How often do we think of taking a hard-lined view of a situation and allow our ego to be a part of the mix? I’ve learned in life it is much better to take a step back, assess the situation and perhaps take a “walk in the other person’s shoes.”
I am the collections manager for a very large corporation. We have offices throughout the state of California and an office in Nevada. I’m sure by now most of you who have read my column think just those four words, Jennifer Danny and collections manager are mutually exclusive, or maybe you’re thinking, collections and Jennifer? Oh she must mean stamps, antiques or memorabilia.
Ah, but you’d be surprised about how there is truth to the “Art Of Collecting” and not many people know that.
There was a particular situation that happened and while I deemed that account as simply a “slow payer,” as the job came to a close it was presented to me that the owner funding the project had paid the company that we were working for, and they hadn’t paid the subcontractors and vendors. It was mind-boggling and as the story continued I learned from their third-party consultant that the person who had been paid couldn’t be located and I saw this going south faster than I could keep up.
What was very unique about our conversation is the fact he didn’t hide anything from me. I know I have a gift of being able to communicate with anyone, but this was more than that. He had been blindsided by the turn of events and I thought I would be able to help him find the next step to take.
He was incredibly articulate and intelligent, so I actively listened. I told him something my father once told me when the business my husband and I owned at the time was going through a rough patch. My dad said, “Experience is the hardest teacher, because she gives the test first and the lesson later.”
The consultant thanked me and told me he would be meeting with the owners to find a resolution and to please understand that this was going to take some time. I told him I would be patient; however, it was my job from a legal standpoint to protect the interests of the company I worked for. He said he realized that and respected that, and he would be in touch soon.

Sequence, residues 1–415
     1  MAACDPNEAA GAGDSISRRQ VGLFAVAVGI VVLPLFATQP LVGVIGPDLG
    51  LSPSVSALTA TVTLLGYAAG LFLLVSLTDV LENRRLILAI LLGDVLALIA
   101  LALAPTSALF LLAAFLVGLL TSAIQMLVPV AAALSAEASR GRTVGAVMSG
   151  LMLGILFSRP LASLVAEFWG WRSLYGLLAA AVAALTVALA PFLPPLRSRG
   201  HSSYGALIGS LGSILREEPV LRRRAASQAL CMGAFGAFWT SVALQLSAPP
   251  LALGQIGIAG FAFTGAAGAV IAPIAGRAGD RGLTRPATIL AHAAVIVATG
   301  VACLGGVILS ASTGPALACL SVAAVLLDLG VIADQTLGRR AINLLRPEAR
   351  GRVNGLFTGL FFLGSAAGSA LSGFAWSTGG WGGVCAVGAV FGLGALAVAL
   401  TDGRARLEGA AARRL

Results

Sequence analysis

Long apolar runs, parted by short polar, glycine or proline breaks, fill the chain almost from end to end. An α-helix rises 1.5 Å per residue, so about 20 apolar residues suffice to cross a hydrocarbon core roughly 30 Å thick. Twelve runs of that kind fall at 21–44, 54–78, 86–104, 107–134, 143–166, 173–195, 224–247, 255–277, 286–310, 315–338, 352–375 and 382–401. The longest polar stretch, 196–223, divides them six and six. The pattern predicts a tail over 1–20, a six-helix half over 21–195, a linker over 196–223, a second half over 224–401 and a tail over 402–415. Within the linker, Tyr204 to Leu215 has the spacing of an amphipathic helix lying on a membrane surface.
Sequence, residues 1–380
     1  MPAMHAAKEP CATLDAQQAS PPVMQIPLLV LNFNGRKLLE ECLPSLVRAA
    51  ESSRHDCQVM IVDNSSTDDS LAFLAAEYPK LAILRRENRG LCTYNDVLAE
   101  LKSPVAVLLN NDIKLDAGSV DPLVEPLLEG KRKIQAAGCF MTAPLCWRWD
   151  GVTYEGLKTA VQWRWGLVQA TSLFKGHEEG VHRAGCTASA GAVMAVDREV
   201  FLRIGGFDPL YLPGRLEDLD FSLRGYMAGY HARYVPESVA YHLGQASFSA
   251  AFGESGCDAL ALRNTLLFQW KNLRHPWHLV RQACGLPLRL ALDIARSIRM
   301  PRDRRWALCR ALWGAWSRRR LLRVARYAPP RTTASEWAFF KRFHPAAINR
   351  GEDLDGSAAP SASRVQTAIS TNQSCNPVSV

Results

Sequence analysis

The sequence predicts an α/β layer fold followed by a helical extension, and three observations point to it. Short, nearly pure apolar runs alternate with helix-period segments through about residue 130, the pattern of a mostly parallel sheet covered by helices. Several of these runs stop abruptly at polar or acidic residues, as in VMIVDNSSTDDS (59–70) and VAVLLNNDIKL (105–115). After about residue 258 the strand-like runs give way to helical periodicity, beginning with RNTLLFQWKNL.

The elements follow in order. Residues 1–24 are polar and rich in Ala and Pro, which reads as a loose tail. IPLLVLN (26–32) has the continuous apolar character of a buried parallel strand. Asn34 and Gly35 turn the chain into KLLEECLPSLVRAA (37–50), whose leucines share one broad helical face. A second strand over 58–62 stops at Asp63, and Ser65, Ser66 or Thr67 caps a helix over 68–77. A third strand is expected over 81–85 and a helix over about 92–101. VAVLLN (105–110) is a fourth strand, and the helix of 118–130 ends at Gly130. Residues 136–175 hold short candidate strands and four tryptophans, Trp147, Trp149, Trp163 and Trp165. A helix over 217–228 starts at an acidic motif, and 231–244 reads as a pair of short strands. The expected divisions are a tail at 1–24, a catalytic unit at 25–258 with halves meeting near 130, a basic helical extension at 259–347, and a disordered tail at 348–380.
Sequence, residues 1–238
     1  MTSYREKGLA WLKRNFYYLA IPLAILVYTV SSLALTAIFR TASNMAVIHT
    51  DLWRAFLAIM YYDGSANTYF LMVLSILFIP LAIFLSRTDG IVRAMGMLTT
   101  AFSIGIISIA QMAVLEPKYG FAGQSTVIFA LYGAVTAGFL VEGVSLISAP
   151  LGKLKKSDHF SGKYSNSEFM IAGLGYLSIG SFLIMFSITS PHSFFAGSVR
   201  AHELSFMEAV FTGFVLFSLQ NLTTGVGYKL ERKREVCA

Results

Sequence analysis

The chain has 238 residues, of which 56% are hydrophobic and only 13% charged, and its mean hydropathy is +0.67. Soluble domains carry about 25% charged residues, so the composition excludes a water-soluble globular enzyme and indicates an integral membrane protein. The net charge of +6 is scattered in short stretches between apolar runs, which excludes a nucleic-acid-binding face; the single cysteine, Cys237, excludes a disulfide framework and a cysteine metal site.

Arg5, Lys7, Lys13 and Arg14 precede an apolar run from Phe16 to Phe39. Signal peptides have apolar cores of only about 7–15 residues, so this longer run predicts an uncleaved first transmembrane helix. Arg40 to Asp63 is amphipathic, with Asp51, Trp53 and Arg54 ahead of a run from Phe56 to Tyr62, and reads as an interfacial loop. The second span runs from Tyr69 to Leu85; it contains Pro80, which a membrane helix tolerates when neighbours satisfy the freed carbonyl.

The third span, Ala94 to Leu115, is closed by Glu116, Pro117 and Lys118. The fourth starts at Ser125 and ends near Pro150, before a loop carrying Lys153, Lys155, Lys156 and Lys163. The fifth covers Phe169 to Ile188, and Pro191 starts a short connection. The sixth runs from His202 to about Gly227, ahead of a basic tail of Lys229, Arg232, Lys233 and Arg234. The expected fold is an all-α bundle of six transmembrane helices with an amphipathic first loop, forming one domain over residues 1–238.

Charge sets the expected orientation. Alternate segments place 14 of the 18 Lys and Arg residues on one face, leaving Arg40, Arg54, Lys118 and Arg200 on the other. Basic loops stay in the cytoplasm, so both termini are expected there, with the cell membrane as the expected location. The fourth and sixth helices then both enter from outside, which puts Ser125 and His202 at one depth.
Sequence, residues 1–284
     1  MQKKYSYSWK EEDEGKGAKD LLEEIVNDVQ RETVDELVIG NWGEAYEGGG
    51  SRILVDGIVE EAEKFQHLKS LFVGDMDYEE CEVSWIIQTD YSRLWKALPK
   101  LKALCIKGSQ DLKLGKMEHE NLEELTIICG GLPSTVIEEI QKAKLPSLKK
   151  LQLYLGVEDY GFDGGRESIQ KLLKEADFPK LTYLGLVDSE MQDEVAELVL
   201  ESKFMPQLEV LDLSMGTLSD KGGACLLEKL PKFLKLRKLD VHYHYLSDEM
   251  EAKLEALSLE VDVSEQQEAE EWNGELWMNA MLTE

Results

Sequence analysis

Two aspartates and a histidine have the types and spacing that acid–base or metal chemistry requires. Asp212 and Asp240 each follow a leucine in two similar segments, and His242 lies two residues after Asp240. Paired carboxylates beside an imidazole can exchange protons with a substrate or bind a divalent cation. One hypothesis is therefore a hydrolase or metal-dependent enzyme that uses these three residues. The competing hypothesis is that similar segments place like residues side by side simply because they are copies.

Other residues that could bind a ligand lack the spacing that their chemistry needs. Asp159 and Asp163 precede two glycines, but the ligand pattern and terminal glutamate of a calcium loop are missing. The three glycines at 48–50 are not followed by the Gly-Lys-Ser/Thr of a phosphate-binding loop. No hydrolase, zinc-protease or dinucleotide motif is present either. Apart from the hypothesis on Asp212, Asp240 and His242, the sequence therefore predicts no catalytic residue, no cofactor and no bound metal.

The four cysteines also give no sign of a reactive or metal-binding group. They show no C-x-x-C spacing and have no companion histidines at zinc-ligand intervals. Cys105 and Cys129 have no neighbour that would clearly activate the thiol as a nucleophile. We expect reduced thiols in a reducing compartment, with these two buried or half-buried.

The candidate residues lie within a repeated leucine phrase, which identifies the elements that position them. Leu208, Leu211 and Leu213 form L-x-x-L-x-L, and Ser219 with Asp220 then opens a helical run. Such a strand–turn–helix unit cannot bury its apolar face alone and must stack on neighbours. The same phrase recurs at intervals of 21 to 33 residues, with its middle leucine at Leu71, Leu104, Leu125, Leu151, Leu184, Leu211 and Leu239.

I spoke with him on a biweekly basis, and after about six weeks he called and told me that the owners were going to work out the balance owed and asked if I could negotiate a price reduction. I told him, let me see what I can do. He threw out a number, and after getting the approval from upper management, who basically told me to “take the money and run,” I called him back and we came to a resolution.
I asked him how many people did he have remaining to settle everything with and he said about 30 more. He told me I had been so kind and willing to listen that when the owners told him to start settling, he said he picked me first. And I shared this little tidbit with him. I told him I had trusted that this would all work out in part because he always communicated with me, shared the truth of what was going on and, oh, I said, there was one last thing. I told him he shared the first name of someone near and dear to my heart, even the very same spelling, so in the fray of all of this I found that comforting.
He thanked me and wished me the best.
A few months later he called and asked me if we would like to bid on another project. I gathered the information and gave the lead to one of our business developers, and I said in my best Jen voice, “Go get ’em, you’ve got this!”
Throughout the years, whether in life or in business, I’ve learned that many people merely want to connect. It’s much easier to marinate in the notion that everyone and every situation fits into the same mold, but that’s not true because every situation has a unique perspective. So I became someone my clients wanted to speak with, someone who saw the relationship as more than “just business” and who wanted to help resolve any issues. That is a huge part of being a success in what you do.
One of my clients from the Riverside area shared with me that her daughter, who at the tender age of 3, had to wear a cast and was very sad about it, so I did what any mom would do. I sent her daughter a teddy bear that had fabric bandages on it and wrote a letter to her saying, “I’m a friend of your mommy’s through work and she told me that you had a cast, and my teddy bear has bandages too, can you please take care of him?” Her mom thanked me and told me her daughter holds that bear all the time.
My motto is to be the one people can count on and be the one who goes the extra distance. We live in a very fast-paced world, full of ever-changing technology and sometimes we forget the “human component.” So, as you begin your day today in this thing called life, take a moment to really think about how much of a better outcome can be attained by “never cutting what can be untied.”
In the end one never knows what next door will be opened, when the other one was closed.
Jennifer Danny is a Santa Clarita resident.